Projects per year
In most organisms, various aspects of physiology and behavior, including metabolic, endocrine and immune functions, show circadian rhythms that are governed by endogenous molecular clocks. The hypothalamic suprachiasmatic nuclei (SCN) are considered as a central circadian pacemaker that receives light input directly from a specific subpopulation of photosensitive ganglion cells in retina and transmits this information downstream to synchronize single cell oscillators in various tissues. The recent development of genetic tools allowing tissue-specific deletion of clock genes has provided new insight into the contribution of peripheral clocks to the regulation of physiological rhythms. This chapter describes the circadian physiology of two organs involved in metabolic regulation and energy homeostasis: liver and adrenal gland. Both tissues harbor robust circadian clocks that possess partial autonomy from SCN. The chapter discusses the functions of these oscillators, potential communication routes between them and the SCN, and how their disturbance may promote development of diseases.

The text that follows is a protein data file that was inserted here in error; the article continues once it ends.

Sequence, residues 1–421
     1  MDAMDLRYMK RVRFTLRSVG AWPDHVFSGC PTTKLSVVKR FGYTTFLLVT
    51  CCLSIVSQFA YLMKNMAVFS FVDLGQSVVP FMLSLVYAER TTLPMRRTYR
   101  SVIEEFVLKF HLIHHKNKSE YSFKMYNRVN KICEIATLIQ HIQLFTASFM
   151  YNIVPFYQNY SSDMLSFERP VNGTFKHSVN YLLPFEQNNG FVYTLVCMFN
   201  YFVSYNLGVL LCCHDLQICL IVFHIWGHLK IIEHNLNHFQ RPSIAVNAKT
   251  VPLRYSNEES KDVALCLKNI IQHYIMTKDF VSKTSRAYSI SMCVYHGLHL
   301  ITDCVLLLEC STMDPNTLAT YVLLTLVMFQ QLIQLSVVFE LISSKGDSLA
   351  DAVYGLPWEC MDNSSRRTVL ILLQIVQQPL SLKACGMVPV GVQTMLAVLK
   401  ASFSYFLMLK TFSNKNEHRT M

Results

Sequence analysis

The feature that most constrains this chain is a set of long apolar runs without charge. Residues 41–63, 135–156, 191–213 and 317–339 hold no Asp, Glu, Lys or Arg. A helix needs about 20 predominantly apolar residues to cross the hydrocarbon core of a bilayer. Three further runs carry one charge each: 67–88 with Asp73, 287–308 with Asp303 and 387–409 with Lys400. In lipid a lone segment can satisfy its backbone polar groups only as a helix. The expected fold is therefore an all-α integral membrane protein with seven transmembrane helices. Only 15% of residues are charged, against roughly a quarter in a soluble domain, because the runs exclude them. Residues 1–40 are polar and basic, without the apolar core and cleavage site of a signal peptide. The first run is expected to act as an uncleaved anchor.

Research Areas and Centers
- Academic Focus: Center for Brain, Behavior and Metabolism (CBBM)
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- 1 Finished
01.01.13 → 31.12.18
Project: DFG Funding